In retrospect, I should have either demanded a GI consult or refused to leave until the bleeding stopped. Although the ER folks asked if I was still bleeding, they neither checked the results in the bowl or had me go into a container for inspection. I should have forced this issue. Neither Larisa or I was comfortable with the discharge, but home we went. Going home from the ER was a very bad decision.
Friday night was rough. I maintained my bloody pattern with no relief. Larisa and I kept asking what exactly a “couple” bloody movements meant. While I slept OK, Larisa was gripped by fear and had a very hard time sleeping.
Saturday morning we resolved to call the GI fellow on-call if things hadn’t improved by noon. About 8, things started to improve a little. During the course of the morning we took a long walk and I noticed that I was more winded than I should be for a leisurely stroll up and down the street. It’s not as if I’m a 26.2 guy, but I do walk/jog 3-5 times per week and push myself fairly hard for 20 minutes. Strolling for half an hour should be no problem.
During devotions, I took a long time praying and asking for two things: first, that God would speak to me. Chastisement, direction, comfort or encouragement…I just needed to hear from my Father. Second, I prayed that He would help me to make a good decision. Paying another $250 ER visit co-pay wasn’t high on my list, but neither was getting critically ill. I opened the Bible to Acts 13 where Paul is addressing the synagogue in Antioch of Pisidia. As Paul recounted God’s faithfulness to His children and his delight in His servant David, an inexpressible peace flowed through me: it was going to be OK. I was going to be OK. (For the record, I realize that I am not David, king of Israel. However, I suspect that most of us with Biblical names take special note when we pray to God for guidance and then see our names in the passage we read).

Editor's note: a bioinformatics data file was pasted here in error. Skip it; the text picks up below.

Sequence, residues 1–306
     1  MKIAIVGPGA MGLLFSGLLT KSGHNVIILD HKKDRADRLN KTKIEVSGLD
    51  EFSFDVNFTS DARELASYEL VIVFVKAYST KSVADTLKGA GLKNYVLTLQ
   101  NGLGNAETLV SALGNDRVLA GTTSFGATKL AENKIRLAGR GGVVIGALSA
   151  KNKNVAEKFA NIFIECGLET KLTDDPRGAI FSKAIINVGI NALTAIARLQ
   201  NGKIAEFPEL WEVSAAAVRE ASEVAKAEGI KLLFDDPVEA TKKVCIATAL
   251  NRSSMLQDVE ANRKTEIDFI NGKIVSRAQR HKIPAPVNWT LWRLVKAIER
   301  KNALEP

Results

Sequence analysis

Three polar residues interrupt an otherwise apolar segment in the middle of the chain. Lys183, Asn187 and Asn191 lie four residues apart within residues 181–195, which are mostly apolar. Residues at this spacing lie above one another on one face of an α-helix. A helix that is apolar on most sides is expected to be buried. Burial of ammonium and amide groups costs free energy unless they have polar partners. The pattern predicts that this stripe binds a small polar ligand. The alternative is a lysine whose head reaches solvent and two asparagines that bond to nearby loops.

Shortly after 11, I passed a lot of blood once again and called the GI fellow. The doctor responded immediately, was very sweet, was able to access my records, but after about 10 minutes indicated that my only options were to wait it out or go to the ER (she also indicated that the pictures I took wouldn’t be helpful…yeah, yeah I did). Larisa immediately made me pack an overnight bag, but I thought we should still wait. About noon I noticed some dizziness when standing up or using the bathroom, and that was the final straw. We called my parents to watch the boys and, after praying with my boys and playing one last game with them, Larisa and I headed back to the ER.
It turns out that there are two areas in the ER: the “this guy ain’t so bad and we’re gonna send him home” area and the “uh-oh, this is serious” area. On Friday I had been to the former area and after clearing intake on Saturday I was once again channeled to the “give him some IV fluids and send him home” side of the house. While waiting for the doc to see me, a paramedic came in and started an IV. Gentlemen, let me just say that you never want a male to start an IV or draw blood; they always turn it into some sort of macho-pain competition. Guys: pick the female phlebotomist. Every. Single. Time.